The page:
Ken Yeung and Matthew Panzarino
Color Labs, the photo-and-video-sharing social network that received much criticism over its pre-launch $41 million funding round, is about to be acquired by Apple. We’ve heard through trusted sources that the startup was nabbed for a price that is in the ‘high double digits’, as in millions, and that the deal is ‘done’, though papers have yet to be signed.
From what we know, founder Bill Nguyen has been away from the office for three months, after a period of intense strain between him and the board.
Some of that has come out in stories so far. But what you may not know is that Nguyen actually designed the first user interface for the Color app. And, even before his relationship with the board soured, he was looking for a way to sell the company. For that, he turned to a previous relationship he had with Apple’s Senior Vice President Internet Software and Services, Eddy Cue.
Nguyen started building prototype apps to show to Cue and to other potential suitors, using the resources of the Color team.
Those apps were then abandoned after he showed them off. An entirely new version of the Color broadcasting app was built and never released. Apparently, the technique worked as the deal is said to net everyone at Color, including investors, a return on the initial funding.
Yes, we know, it seems crazy. But this wouldn’t be Apple’s first time buying one of Nguyen’s startups. They snagged Lala for $80 million in December, 2009.
As to why they’d want Color Labs? We would look to Color’s patents, which may include one for a file format that they were working on to record HD video. Color said that it had six patents pending at the time of its funding, including its ‘elastic’ social
graph and patents related to GPS location and battery saving. iOS developer Daniel Jalkut uncovered several patent applications that Color has filed for in the last couple of months that have names like “sharing content among a group of devices” and “user device group formation”.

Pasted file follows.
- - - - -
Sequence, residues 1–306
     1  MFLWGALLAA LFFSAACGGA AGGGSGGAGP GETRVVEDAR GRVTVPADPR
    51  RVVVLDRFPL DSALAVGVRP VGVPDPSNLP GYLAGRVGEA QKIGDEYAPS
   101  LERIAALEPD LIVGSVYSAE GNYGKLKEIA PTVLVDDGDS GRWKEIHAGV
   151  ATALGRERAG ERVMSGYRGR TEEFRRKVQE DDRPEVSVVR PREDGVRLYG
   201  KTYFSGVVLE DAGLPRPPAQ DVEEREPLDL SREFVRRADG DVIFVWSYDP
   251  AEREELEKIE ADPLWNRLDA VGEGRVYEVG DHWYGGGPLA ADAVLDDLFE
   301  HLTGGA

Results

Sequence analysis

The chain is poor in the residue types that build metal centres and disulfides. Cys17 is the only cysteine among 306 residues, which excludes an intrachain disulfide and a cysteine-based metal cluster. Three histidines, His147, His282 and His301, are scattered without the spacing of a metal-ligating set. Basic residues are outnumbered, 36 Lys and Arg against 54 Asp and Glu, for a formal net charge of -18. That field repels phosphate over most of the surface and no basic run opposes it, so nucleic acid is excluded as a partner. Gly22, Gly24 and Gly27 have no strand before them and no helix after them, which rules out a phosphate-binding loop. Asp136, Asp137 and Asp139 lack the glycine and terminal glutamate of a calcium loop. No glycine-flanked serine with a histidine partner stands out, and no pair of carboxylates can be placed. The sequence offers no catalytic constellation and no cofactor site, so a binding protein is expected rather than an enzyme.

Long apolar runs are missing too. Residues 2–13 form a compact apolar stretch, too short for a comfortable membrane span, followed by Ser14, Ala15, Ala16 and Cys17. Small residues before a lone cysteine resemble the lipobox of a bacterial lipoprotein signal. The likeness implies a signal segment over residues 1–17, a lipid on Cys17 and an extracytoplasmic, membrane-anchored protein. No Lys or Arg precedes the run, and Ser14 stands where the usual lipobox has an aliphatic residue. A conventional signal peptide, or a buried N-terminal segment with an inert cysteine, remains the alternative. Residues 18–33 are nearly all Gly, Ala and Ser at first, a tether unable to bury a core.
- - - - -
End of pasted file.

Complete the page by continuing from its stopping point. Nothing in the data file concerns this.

All of those patents reference a provisional application filed back in March of 2012 on the multiple device method. It’s not much of a stretch to say these patents could be applied to Apple’s Photo Stream feature in iOS 6.
Or its software engineering team could be the target, if Apple was impressed by their work.
If true, and our sources are very well placed, the acquisition helps end a tumultuous period of Color’s existence. From its launch, Color has undergone some different transformations. First, as an application some would consider to be innovative where the premise was that phones would group photos taken with nearby devices through the app, and now its most recent incarnation where it is focused on sharing videos on Facebook (and recently signed a deal with Verizon).
Many became skeptical over Color’s introduction to the scene when it was announced that investors like Bain Capital Ventures, Silicon Valley Bank, and Sequoia Capital had poured in millions of dollars to this unproven company. It was started by serial entrepreneurs Nguyen and Peter Pham, but quickly unraveled over the next couple of years. Pham left the startup in June 2011 over unknown reasons and went to work at Los Angeles incubator Science.
More conflicting news emerged this week as it was reported that the company was going to shut its doors, something that was quickly refuted.
We’ve reached out to Apple and Color for more information and will update this post if we receive it.
Image Credit: AFP/Getty Images
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